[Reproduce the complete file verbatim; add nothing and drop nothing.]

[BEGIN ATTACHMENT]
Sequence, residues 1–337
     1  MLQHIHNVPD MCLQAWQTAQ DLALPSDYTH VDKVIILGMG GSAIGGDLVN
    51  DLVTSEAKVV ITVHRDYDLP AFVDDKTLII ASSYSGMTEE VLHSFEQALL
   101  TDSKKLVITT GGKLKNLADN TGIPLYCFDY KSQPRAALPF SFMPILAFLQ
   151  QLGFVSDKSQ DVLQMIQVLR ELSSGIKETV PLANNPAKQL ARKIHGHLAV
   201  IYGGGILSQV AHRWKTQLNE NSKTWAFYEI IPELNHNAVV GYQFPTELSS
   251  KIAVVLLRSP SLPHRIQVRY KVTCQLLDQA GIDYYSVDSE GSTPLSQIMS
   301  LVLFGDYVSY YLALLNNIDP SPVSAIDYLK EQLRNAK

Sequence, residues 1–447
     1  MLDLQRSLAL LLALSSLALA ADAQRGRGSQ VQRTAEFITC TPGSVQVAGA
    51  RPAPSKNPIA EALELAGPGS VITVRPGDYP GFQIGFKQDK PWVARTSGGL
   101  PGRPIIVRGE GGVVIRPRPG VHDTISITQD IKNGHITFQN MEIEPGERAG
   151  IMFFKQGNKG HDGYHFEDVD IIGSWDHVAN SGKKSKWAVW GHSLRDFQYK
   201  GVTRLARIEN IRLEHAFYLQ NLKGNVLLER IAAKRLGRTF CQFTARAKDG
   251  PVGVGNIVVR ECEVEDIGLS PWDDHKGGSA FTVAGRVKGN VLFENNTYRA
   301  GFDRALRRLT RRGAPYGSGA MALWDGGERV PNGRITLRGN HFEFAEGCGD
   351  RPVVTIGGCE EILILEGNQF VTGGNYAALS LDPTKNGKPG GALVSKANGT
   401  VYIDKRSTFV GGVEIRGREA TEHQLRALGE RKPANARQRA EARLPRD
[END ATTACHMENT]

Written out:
Sequence, residues 1–337
     1  MLQHIHNVPD MCLQAWQTAQ DLALPSDYTH VDKVIILGMG GSAIGGDLVN
    51  DLVTSEAKVV ITVHRDYDLP AFVDDKTLII ASSYSGMTEE VLHSFEQALL
   101  TDSKKLVITT GGKLKNLADN TGIPLYCFDY KSQPRAALPF SFMPILAFLQ
   151  QLGFVSDKSQ DVLQMIQVLR ELSSGIKETV PLANNPAKQL ARKIHGHLAV
   201  IYGGGILSQV AHRWKTQLNE NSKTWAFYEI IPELNHNAVV GYQFPTELSS
   251  KIAVVLLRSP SLPHRIQVRY KVTCQLLDQA GIDYYSVDSE GSTPLSQIMS
   301  LVLFGDYVSY YLALLNNIDP SPVSAIDYLK EQLRNAK

Sequence, residues 1–447
     1  MLDLQRSLAL LLALSSLALA ADAQRGRGSQ VQRTAEFITC TPGSVQVAGA
    51  RPAPSKNPIA EALELAGPGS VITVRPGDYP GFQIGFKQDK PWVARTSGGL
   101  PGRPIIVRGE GGVVIRPRPG VHDTISITQD IKNGHITFQN MEIEPGERAG
   151  IMFFKQGNKG HDGYHFEDVD IIGSWDHVAN SGKKSKWAVW GHSLRDFQYK
   201  GVTRLARIEN IRLEHAFYLQ NLKGNVLLER IAAKRLGRTF CQFTARAKDG
   251  PVGVGNIVVR ECEVEDIGLS PWDDHKGGSA FTVAGRVKGN VLFENNTYRA
   301  GFDRALRRLT RRGAPYGSGA MALWDGGERV PNGRITLRGN HFEFAEGCGD
   351  RPVVTIGGCE EILILEGNQF VTGGNYAALS LDPTKNGKPG GALVSKANGT
   401  VYIDKRSTFV GGVEIRGREA TEHQLRALGE RKPANARQRA EARLPRD